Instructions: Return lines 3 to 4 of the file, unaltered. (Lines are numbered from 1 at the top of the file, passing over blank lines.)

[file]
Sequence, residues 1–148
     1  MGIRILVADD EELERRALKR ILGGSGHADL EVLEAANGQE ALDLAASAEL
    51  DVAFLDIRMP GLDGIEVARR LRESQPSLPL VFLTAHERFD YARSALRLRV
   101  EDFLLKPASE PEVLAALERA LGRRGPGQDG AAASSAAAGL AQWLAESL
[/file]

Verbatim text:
    51  DVAFLDIRMP GLDGIEVARR LRESQPSLPL VFLTAHERFD YARSALRLRV
   101  EDFLLKPASE PEVLAALERA LGRRGPGQDG AAASSAAAGL AQWLAESL